Powerful Words That Transformed My Worldview In 2014
Some words have magic in them. They pop out of screens and alter our perspectives permanently. An article by Allison Vesterfelt did exactly that.
Some words have magic in them. They pop out of screens and alter our perspectives permanently.
This year, an article by Allison Vesterfelt transformed my perspective about wealth in particular and ownership in general. The article itself is about an epiphany that Allison had while walking through Florida beaches, that subsequently led to a shift in her perspectives about money.
There is plenty to go around
She begins her walk through the beach, with a skewed view of wealth. In that world view, there are only limited resources and everybody is fighting to grab a piece of that limited resource, akin to ’life is a zero-sum game’ mindset. As she wanders the beachfront, she comes to grip with wild display of luxury. There are million-dollar beach-houses, expensive vehicles, fancy shoes and end-result of plastic surgeries. Ironically, that wild display of luxury, opens her eyes instead of depressing her. She realises,
“…we weren’t all competing to get a small part of a fixed pie. In fact, we didn’t need to compete at all. Instead of feeling like a starving child at a dinner table, mad at everyone else who had a bigger portion than me, or guilty about having the portion I had, I just kept thinking, over and over: there is plenty to go around.”
Those who were born in abject poverty and worked their way to sufficient wealth, often swing between the two feelings described by Allison — one time you are mad at everyone and another time, you are guilty. I know it is true because I myself have often swung between these feelings.
The truth is, we don’t have to be mad or guilty. Life is not a zero-sum game. There is, indeed, plenty to go around.
You don’t have to own a thing to enjoy it
She doesn’t stop. She continues her stroll. A beautiful flower catches her eyes. As a natural reaction, she wants to pick the flower and take it home. That is when the next realisation hits her.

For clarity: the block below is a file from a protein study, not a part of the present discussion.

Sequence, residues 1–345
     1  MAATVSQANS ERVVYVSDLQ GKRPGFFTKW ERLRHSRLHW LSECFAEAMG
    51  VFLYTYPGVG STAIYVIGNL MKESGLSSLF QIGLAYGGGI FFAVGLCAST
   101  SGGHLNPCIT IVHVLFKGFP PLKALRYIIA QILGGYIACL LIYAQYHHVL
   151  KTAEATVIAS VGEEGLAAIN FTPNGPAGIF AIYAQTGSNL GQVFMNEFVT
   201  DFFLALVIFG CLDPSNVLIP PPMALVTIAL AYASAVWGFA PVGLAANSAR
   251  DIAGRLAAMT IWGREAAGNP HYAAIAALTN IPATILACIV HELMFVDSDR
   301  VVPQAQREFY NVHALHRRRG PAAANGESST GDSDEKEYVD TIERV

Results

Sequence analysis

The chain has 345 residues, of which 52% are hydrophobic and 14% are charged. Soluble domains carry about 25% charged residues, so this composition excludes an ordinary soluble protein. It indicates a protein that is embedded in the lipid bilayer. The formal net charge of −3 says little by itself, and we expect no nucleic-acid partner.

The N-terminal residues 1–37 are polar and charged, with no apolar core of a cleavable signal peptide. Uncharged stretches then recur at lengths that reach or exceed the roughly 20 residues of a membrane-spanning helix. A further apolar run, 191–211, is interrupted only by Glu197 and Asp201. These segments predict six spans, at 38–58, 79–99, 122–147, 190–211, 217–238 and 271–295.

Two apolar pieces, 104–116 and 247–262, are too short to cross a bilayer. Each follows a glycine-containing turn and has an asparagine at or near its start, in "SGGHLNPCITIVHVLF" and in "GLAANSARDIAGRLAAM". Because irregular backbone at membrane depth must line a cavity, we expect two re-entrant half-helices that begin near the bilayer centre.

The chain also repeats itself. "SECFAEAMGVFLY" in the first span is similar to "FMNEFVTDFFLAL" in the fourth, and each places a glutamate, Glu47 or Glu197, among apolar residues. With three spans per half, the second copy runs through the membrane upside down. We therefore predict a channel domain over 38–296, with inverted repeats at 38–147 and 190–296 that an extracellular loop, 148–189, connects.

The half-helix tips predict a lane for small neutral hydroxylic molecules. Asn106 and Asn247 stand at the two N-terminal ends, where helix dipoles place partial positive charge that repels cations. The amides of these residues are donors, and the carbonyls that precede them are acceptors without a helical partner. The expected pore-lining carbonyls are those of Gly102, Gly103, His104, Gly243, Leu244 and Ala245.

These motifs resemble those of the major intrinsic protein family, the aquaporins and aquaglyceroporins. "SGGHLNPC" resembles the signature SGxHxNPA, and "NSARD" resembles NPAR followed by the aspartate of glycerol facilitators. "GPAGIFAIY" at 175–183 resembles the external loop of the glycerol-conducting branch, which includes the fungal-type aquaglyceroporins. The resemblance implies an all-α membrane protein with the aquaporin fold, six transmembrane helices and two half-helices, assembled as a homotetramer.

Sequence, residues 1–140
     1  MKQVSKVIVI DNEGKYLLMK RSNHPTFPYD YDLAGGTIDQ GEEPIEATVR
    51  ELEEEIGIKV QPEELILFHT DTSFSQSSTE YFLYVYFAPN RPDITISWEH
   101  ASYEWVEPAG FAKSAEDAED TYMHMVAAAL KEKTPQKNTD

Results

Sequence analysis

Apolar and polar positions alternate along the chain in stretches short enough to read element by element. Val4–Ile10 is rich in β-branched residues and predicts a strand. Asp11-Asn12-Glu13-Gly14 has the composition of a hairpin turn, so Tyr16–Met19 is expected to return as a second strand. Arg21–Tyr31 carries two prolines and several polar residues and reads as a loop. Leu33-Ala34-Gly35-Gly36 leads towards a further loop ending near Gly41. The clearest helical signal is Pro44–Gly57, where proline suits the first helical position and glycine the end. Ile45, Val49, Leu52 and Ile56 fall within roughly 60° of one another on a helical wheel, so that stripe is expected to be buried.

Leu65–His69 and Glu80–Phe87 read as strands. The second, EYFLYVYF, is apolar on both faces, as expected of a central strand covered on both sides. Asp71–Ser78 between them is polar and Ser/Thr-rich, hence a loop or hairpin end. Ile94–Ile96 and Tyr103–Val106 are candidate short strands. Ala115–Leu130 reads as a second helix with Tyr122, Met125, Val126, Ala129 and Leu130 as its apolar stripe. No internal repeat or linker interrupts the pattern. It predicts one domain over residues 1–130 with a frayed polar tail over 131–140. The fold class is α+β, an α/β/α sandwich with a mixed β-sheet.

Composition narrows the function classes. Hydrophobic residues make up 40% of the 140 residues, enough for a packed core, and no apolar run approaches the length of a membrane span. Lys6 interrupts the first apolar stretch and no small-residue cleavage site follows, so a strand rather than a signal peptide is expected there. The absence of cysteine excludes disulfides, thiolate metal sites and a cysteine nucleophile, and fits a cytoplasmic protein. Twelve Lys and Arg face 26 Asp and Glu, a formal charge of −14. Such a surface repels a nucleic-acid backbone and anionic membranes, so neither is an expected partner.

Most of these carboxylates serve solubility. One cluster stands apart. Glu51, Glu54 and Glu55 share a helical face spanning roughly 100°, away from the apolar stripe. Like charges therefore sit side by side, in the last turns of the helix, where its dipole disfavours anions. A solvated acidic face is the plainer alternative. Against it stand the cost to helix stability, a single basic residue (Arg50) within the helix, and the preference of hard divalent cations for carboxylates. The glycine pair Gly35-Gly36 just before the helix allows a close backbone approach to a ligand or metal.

“Admiring this beautiful flower on the beach is not the same as taking it back to my house.” I already had the vase in mind I was going to use when I displayed this flower prominently on my kitchen table. That’s when the rational side of me spoke up again. “Yes, but if you pluck this flower from the bush, it will die in a few hours.”
She realises that, she doesn’t have to own a flower to enjoy it. That is a powerful shift in thinking.
We don’t have to own a piece of this earth to enjoy our stay here; we don’t have to photograph every moment with our kids to preserve our memory; we don’t have to hoard money to feel rich.
Ownership is not an essential criteria for enjoyment, for now or for future.
How these mind-shifts influenced me in my entrepreneurial pursuit
Allison wrote this article in January. As I read it, I knew this is not an article that I can forget about. I stored it in Evernote. I read it again and again. I thought of ways to internalise these two concepts into my life.
I dropped the idea of buying a flat that my sister has been compelling me to buy. I stopped carrying bulky SLR cameras with me to photograph every moment with my kids. Instead, I started investing in experiences — like travelling.
Everything felt good. Very good.
Later came the test.
In June this year (2014, for those who read after the year is over), my friend and mentor, Sastry and I started discussing about an entrepreneurial venture. If I have to pursue it, I have to leave a cushy consulting job and move to Panchkula from Delhi. I also have to go without income for at least six months.
I loved the idea of the venture. I have been a nomad for a long time, so moving cities didn’t bother me. But going without income bothered me. That too with kids. Can I do it?
It was decision time.
I opened Evernote, searched for the article by Allison and read it. Once. Twice. Paused. And read it again.
Is it true that there is plenty to go around?
I’m writing this from Panchkula. Four months have gone by since I started my company DSD Infosec. I can testify that there is indeed plenty to go around. But it isn’t necessarily about money. There is plenty of ’love of the strangers’; there is plenty of generosity; there is plenty of ideas. If you work hard, there is plenty of luck too.
We will be launching our product in January. I will be counting on all of these plentifulness then.
Thank you Allison, for those powerful words.